Music: Mark Simpson, Wolfgang Amadeus Mozart
Librettist: Melanie Challenger
Conductor: Juanjo Mena
Reviewer: Jo Beggs
Tonight is all about death, and our attempts to cheat it.
Mozart, aged 35, was railing against it (and lost) even as he was composing his great Requiem in D minor, which opens tonight’s Manchester International Festival programme at the Bridgewater Hall. Whether or not there’s any truth in the mythology that Wolfgang was writing the Requiem for his own funeral is, of course, immaterial. He lives on, as great composers do, through the work – probably as close to cheating death as you can get. Requiem needs little introduction, yet experiencing it in full in the concert hall reminds you that some of its greatest moments are not those you know best. The early Sequentia section stands out here, as the Manchester Chamber Choir and four soloists seem to really hit their mark, in particular soprano Ruby Hughes, whose voice has a spine-tingling clarity. Requiem is a stately, sober memorial, a fitting end for anyone, whoever they may be.
In the Victorian age, though, a frenzied, and somewhat more unhealthy fascination with the afterlife became a popular pursuit. Perhaps brought on by the increasingly convincing scientific research of Darwin and his peers, and respective doubts around religion, séances became the popular evening entertainment of philosophers, scientists and artists. In 2011, Philosopher John Gray wrote The Immortalization Commission: Science and the Strange Quest to Cheat Death, which recounts the hysteria with which learned, and often unlikely, individuals embraced the occult. Fascinated by Gray’s book, Composer Mark Simpson and Librettist Melanie Challenger were inspired to create The Immortal. It’s a powerful, visceral work that conjures the unease and intensity of the séance, occasionally violent, often discordant, sometimes uncomfortable.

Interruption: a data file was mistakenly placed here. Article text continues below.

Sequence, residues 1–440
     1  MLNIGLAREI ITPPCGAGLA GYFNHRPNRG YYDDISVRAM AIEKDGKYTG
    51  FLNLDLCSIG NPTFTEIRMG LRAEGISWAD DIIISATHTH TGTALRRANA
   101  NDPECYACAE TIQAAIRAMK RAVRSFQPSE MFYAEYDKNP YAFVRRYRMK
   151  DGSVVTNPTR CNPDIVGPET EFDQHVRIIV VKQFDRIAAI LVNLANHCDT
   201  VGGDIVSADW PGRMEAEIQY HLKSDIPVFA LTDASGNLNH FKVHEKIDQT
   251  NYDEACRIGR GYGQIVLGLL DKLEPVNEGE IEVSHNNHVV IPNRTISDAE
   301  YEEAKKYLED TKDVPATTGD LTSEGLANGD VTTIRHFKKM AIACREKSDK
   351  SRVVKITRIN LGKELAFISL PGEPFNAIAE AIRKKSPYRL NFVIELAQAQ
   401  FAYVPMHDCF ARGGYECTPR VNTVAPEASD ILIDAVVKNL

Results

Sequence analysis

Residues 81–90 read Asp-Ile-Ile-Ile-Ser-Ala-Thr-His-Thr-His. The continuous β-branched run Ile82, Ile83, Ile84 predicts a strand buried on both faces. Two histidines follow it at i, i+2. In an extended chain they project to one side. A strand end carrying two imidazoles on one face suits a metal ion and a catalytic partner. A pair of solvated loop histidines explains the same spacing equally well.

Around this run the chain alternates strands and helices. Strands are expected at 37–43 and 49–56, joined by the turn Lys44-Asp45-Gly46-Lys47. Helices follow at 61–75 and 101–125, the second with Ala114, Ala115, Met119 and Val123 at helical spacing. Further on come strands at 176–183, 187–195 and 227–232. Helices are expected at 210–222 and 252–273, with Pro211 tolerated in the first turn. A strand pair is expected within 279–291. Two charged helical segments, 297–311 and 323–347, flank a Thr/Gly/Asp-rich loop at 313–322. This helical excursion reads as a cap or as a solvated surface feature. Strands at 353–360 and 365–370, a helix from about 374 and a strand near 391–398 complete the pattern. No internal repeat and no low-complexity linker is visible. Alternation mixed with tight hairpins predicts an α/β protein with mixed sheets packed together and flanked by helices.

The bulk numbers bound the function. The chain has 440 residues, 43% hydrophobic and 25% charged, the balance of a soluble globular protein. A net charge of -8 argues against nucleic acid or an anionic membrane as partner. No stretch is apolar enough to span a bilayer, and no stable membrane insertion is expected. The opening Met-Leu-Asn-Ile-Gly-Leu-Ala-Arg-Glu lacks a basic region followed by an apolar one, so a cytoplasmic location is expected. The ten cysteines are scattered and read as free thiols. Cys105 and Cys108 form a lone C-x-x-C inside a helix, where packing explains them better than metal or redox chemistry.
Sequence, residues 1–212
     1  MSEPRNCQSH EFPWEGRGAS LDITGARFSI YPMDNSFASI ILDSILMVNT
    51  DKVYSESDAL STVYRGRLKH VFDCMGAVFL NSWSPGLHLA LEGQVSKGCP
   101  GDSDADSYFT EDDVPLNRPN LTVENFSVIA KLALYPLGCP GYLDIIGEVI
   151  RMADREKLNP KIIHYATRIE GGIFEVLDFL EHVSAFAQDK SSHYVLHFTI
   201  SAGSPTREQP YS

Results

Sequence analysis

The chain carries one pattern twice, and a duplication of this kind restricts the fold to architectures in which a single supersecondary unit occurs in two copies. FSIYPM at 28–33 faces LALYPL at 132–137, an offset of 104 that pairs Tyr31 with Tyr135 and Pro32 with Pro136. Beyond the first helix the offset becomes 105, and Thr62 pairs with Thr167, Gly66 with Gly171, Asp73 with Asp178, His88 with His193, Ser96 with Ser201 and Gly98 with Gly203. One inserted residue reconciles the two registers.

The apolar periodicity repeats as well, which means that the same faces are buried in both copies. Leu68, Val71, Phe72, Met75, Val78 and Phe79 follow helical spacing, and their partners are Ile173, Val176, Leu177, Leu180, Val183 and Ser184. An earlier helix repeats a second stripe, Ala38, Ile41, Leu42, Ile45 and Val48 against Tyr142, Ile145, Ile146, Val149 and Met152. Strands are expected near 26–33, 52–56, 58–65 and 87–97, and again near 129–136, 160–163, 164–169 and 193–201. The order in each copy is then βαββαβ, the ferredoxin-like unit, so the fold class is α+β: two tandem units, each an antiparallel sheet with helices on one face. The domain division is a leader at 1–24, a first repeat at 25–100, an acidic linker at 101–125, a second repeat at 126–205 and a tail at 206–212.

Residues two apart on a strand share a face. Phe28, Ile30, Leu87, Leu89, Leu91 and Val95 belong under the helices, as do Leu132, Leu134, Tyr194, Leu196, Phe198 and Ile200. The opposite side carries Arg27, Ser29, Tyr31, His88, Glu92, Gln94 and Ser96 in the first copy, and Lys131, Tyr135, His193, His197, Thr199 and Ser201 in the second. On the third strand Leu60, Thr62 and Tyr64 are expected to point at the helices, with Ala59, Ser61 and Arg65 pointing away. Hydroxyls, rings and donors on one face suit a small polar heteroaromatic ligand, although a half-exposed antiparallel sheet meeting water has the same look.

The Immortal requires a very full stage at the Bridgewater Hall, packed with busy musicians and singers. It’s fantastic to see the full BBC Philharmonic giving it all they’ve got, the percussionists sometimes having to run between instruments when the work is going full pace. The Manchester Chamber Choir fill the choir stalls, creating a wall of sound when they’re added to the mix. The highlight though is the wonderful Exaudi, a contemporary music ensemble who create a deliciously menacing vocal landscape alongside the solo baritone of Mark Stone. The text is made up of ‘cross correspondences’ from séances, excerpts from Gray’s book and archive material relating to the late 19th Century Society for Psychical Research, the membership of which reads like a who’s who of Victorian urbane society.
Simpson is clearly one to watch as he embarks on a four-year relationship with the BBC Philharmonic as Composer in Association. Not that he hasn’t already got quite an impressive CV, with BBC Young Musician of the Year, BBC Proms/Guardian Young Composer of the Year already a distant memory, a number of newly commissioned works premiered by notable British orchestras, including Sparks, which opened the 2012 Last Night of the Proms. Now, at just twenty-seven years old he has produced The Immortal, an astonishing, mature and multi-layered work that provides a very promising start to the 2015 Manchester International Festival.
Reviewed on 4 July 2015